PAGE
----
I’m a complete sucker for a good witch story. Okay, that might be a little general; let me narrow that down to horror stories around witches to ensure that the Bewitched crowd isn’t all that stoked. In fact, let’s reduce that cone of interest even further.
I adore stories about the witch trials during the founding years of the United States of America. The Salem Witch trials, while maybe not being as globally devastating as other tragedies, feels unique in the trauma that it caused. It was an event caused by fear and distrust not of some group of people stemming from some foolish stereotype, but specifically by the person living next door because they happened to look strangely out of a window once.
It’s a stunningly dark period in history and one that I wish more stories attempted to explore. Hence you can imagine my excitement for the latest iteration of The Dark Pictures Anthology because Little Hope certainly presents itself as a game about the witch panic of the 18th century.
It achieves its vision with some fun, campy horror and interesting character-focused decisions, but drops the ball due to some uneven pacing, shaky voice-acting, and a truly disappointing ending.
Starting off with a bus crash, as so many “ghost town” horror stories do, Little Hope kicks off with a group of students and their professor stuck in the woods and surrounded by some kind of spooky fog. Your initial goal of “find the bus driver” very quickly changes to, “Survive the night” as your troop of meddling kids slowly uncovers the history of Little Hope.
Overall the cast is great, leaning into the tropes of campy horror movies and delivering some truly punchable individuals. It’s an awkward line to walk on and one I’m not sure developer Supermassive really got all that right. I can’t say I ever liked any of the characters in Little Hope, I just disliked some of them less which I’ll confess might be due to how I played it given that choices and consequences play such a large role in the game.
Angela and Taylor both prove to be insufferable at the best of times while everyone else feels very… wooden. Like they’re bored with the situation instead of actively being terrified. It’s not helped by the voice acting which ranges from decent to completely flat and devoid of emotion. Andrew, played by Will Poulter, is probably the worst at this. Dude sounds like he’s half-asleep whenever he’s saying anything even in the more desperate of circumstances.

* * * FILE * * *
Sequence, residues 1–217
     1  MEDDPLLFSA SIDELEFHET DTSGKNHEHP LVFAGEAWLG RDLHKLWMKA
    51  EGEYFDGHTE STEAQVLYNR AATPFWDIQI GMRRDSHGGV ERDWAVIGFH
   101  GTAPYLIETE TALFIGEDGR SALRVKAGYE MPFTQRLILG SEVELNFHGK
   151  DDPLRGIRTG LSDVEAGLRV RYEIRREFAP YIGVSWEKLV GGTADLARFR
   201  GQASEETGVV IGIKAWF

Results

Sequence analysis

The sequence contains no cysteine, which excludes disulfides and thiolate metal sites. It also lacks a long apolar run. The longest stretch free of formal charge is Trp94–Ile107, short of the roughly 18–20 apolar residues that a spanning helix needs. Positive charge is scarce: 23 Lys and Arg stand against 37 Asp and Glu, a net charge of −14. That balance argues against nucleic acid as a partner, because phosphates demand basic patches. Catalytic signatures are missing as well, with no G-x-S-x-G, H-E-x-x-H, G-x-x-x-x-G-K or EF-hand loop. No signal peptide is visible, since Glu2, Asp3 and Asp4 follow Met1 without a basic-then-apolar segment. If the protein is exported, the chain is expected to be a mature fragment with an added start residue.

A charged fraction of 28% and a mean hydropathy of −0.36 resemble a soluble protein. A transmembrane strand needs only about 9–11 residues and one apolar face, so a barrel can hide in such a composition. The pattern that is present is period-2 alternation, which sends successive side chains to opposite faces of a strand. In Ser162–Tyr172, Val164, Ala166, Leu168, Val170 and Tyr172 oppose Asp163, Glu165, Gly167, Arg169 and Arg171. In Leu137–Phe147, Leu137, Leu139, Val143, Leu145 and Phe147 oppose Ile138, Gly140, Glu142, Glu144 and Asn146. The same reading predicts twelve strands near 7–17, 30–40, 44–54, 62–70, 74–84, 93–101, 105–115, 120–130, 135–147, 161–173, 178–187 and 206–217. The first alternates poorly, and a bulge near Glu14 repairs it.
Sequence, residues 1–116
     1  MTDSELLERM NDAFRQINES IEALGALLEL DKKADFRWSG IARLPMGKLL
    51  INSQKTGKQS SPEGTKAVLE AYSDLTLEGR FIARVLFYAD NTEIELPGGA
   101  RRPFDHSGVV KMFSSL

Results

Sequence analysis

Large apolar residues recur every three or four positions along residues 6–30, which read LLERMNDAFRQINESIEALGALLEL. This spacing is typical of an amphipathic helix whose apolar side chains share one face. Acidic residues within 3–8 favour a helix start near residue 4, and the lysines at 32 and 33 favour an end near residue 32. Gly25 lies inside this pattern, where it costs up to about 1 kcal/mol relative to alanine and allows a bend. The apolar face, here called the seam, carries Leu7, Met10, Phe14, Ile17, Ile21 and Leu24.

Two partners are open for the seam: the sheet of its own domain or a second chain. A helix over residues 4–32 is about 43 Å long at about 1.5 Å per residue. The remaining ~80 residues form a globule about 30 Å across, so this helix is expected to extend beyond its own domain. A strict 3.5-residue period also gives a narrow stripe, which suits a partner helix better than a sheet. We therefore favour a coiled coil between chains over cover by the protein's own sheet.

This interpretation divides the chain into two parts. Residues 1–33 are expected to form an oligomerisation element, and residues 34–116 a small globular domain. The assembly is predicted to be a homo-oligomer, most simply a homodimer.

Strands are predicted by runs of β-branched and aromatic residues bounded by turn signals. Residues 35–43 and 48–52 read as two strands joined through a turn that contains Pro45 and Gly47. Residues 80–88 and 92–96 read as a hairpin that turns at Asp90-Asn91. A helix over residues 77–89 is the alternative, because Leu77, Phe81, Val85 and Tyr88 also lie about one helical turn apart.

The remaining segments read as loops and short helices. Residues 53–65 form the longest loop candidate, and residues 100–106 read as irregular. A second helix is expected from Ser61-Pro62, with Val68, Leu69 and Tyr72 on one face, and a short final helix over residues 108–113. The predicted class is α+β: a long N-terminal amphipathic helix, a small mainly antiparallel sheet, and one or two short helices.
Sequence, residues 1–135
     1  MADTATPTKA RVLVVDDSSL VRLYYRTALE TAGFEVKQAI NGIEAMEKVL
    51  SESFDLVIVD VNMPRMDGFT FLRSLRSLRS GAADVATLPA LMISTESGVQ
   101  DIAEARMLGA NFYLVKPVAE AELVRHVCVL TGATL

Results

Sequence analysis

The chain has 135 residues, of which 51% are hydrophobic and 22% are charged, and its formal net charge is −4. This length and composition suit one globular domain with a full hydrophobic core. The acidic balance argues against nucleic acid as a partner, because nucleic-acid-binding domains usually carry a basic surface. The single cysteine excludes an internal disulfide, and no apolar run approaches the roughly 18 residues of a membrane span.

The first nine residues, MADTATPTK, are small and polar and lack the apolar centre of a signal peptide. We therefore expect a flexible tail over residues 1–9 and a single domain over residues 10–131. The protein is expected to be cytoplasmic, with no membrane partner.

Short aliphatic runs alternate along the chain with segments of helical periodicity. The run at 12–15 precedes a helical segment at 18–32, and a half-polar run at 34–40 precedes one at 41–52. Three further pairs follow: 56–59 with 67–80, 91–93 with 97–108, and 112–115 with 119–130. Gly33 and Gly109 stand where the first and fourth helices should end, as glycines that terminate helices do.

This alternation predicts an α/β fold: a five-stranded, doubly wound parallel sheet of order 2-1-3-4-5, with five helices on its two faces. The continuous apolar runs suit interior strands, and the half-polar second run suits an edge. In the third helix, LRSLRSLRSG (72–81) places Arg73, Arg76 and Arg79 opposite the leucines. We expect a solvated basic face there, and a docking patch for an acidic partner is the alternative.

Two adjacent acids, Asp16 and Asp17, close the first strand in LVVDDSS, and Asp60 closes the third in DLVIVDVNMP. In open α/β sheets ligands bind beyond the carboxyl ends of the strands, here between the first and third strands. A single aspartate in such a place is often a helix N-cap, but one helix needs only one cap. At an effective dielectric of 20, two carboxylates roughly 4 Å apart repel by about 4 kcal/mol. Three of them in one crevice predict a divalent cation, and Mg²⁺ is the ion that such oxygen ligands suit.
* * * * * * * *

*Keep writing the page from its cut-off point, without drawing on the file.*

Yet I was able to put that aside because while the modern-day narrative drags somewhat, what really kept me going were the flashbacks caused by the ghosts haunting Little Hope. All the characters in the 18th century Little Hope feel like actual people going through horrific circumstances. It’s a decent story, one that’s not inherently unique but stands apart from other horror narratives in video games as engaging with real-world subject to illicit some proper tension.
Little Hope is no doubt a creepy town but the game does rely an awful lot on fairly obvious jump scares to get its terror across,s which felt unnecessary given how effective the atmosphere. Once again Supermassive has created a story that’s rippling with innate creepiness and it’s enhanced by a slew of difficult decisions that more often than not focuses on the consequences of the character you’re playing as or with. You’ll always be able to discern the outcome of the game’s more important binary decisions but that kind of makes them harder to make, right? When you know that the choice you’re staring down will result in some kind of death or disadvantage no matter which side you choose, it makes it harder to decide.
Yet while the story was campy, goofy, and overall an enjoyable experience it certainly wasn’t without flaws. Due to the game’s insistence on continuously breaking up the group, which it obviously does for multiplayer purposes, the pacing often drops to a crawl especially when you’re stuck with characters you really don’t enjoy. This becomes most egregious in the third act of the game where it feels like the end just continuously keeps stepping back and padding the experience out. Oh, and the ending of the game is utterly terrible. Without going into spoilers, the ending reeks of writers trying to be extremely clever with an unexpected plot twist but instead ruins the entire story that precedes it. It undermines what actually ends on a fairly satisfying note even if it is a touch anti-climactic and completely unravels it to the point where I was genuinely disappointed.
Where Little Hope shines brightest is it’s multiplayer. Continuing on from Man of Medan’s “pass the controller” system, having your friends gather around and revel in the decisions is still a fantastic way to spend an evening. Again, the dragging pace does spoil some of the excitement but having every take control of their own character leads to some strangely unique story moments. Playing online is slightly less enjoyable simply because of a game with such an emphasis on interpersonal moments that are mirrored nicely with a group of friends around the TV.
Overall, Little Hope is a fun time. The story ends terribly and the voice acting is sketchy but I’d be lying if I said I wasn’t invested in the ghost town of Little Hope. It’s not a horror game that’s trying to upset the player and make them uncomfortable, and that’s just fine. At the end of the day Little Hope fits into a category of “fun” horror. The sort of game that’s great to play once a year with some friends and then forget about it until next Halloween. Just maybe don’t go in expecting a satisfying conclusion to what is otherwise an engaging narrative.
Last Updated: November 6, 2020